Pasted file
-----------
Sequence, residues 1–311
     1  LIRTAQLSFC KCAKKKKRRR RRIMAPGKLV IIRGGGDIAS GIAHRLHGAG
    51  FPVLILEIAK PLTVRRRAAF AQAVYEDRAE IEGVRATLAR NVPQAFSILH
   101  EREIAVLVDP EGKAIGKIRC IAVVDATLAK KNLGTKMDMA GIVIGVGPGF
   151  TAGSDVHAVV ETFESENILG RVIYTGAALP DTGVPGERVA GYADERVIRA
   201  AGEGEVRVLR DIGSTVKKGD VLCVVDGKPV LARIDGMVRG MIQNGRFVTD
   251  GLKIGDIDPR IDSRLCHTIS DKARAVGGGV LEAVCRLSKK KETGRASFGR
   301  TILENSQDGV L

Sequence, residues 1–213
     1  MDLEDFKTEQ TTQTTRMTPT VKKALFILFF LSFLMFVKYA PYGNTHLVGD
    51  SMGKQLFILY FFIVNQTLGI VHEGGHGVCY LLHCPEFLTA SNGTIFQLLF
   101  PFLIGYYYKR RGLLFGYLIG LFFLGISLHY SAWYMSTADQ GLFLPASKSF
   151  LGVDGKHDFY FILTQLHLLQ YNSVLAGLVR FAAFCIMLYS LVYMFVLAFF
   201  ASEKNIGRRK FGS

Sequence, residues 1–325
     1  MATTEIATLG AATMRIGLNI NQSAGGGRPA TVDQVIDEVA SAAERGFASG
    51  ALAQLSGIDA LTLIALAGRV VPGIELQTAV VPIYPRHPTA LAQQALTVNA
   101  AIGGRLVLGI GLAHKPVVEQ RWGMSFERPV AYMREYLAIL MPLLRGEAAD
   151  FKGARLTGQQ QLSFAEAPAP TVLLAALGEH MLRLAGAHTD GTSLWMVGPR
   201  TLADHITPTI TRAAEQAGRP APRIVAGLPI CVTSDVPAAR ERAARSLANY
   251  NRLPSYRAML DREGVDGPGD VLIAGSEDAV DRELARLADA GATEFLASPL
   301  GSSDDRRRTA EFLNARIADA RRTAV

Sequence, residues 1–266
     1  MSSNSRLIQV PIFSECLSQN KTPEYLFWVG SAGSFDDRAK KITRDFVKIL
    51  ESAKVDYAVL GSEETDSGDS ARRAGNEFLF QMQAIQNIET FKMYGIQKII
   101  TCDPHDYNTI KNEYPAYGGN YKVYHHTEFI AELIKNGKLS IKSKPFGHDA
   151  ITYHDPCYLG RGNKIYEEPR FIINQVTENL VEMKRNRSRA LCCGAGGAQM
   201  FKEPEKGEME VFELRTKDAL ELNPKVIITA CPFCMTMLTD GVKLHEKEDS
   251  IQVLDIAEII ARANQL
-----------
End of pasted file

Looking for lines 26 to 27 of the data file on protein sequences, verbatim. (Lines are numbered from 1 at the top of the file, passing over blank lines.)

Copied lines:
   101  TCDPHDYNTI KNEYPAYGGN YKVYHHTEFI AELIKNGKLS IKSKPFGHDA
   151  ITYHDPCYLG RGNKIYEEPR FIINQVTENL VEMKRNRSRA LCCGAGGAQM